Governance & Risk Management , SASE

Palo Alto Networks to Buy Enterprise Browser Startup Talon

Talon Acquisition Will Allow Users to Securely Access Business Apps From Any Device
Palo Alto Networks to Buy Enterprise Browser Startup Talon

Palo Alto Networks announced its second acquisition in a week, scooping up the 2022 winner of RSA Conference's prestigious Innovation Sandbox contest.

See Also: Integrated SASE Platform Delivered by Accenture and Palo Alto Networks

The Silicon Valley-based platform security behemoth said its proposed purchase of Tel Aviv, Israel-based Talon Cyber Security will enable users to securely access business applications from any device, including mobile and other noncorporate devices. Talon's enterprise browser product will be integrated into Palo Alto Networks' Prisma SASE platform to protect all managed and unmanaged devices.

"Integrating Talon with Prisma SASE will enable Palo Alto Networks to securely connect all users and devices to all applications, including private applications, and apply consistent security no matter who the user is and what they use for work," Palo Alto Networks Chief Product Officer Lee Klarich said in a statement.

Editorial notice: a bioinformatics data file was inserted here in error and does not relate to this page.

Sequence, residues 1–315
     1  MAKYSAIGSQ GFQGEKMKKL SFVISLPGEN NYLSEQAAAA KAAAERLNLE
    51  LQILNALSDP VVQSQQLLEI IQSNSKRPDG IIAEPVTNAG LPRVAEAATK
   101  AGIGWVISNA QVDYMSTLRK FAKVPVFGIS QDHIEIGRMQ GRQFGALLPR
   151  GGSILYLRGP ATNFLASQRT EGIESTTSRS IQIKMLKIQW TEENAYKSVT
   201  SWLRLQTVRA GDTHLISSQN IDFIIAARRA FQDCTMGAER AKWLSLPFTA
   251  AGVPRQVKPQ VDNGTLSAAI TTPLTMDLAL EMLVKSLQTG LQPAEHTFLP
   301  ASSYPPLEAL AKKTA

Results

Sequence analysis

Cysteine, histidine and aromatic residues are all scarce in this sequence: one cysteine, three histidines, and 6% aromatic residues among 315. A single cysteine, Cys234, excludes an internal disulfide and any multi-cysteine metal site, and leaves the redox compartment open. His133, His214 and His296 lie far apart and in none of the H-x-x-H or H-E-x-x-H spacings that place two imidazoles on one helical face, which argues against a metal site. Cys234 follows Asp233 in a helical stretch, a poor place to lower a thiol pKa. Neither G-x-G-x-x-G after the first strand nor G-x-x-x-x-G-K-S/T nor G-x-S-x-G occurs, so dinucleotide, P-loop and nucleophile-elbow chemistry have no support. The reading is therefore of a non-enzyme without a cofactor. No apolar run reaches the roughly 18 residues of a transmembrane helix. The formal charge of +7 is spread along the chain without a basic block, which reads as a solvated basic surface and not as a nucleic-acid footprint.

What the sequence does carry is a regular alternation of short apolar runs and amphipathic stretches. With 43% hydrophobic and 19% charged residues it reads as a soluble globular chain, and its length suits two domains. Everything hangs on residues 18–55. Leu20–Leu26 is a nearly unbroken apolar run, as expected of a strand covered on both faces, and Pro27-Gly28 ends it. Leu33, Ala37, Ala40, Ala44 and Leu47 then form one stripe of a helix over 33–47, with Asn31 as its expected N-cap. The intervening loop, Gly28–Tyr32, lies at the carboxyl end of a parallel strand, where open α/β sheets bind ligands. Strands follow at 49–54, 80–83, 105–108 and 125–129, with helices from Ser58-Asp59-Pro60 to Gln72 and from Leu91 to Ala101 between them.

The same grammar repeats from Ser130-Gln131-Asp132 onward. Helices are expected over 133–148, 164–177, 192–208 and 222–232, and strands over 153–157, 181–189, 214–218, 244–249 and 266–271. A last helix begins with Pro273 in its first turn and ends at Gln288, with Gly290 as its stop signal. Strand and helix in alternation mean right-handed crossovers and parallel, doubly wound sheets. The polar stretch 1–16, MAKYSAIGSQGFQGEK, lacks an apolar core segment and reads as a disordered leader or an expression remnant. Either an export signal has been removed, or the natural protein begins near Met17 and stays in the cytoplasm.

Terms of the acquisition weren't disclosed, though TechCrunch and Calcalist have reported over the past day that Palo Alto Networks is slated to pay $625 million for Talon Cyber Security. Palo Alto Networks' stock is up $1.26 - or 0.52% - to $244.79 per share in trading Monday morning, and the company didn't immediately respond to an Information Security Media Group request for additional comment (see: Why Palo Alto Is Eyeing Secure Browser Firm Talon for $600M).

What Talon Cyber Security Brings to the Table

Talon Cyber Security was founded in February 2021, raised $143 million in two rounds of funding with backers such as CrowdStrike CEO George Kurtz, and grew its headcount by 95% over the past year to 152 workers, according to IT-Harvest. Talon CEO Ofer Ben-Noon previously led automotive cybersecurity firm Argus for eight years, and CTO Ohad Bobrov oversaw enterprise mobility at Check Point Software (see: Talon Cyber Security Raises $100M to Enhance Secure Browser).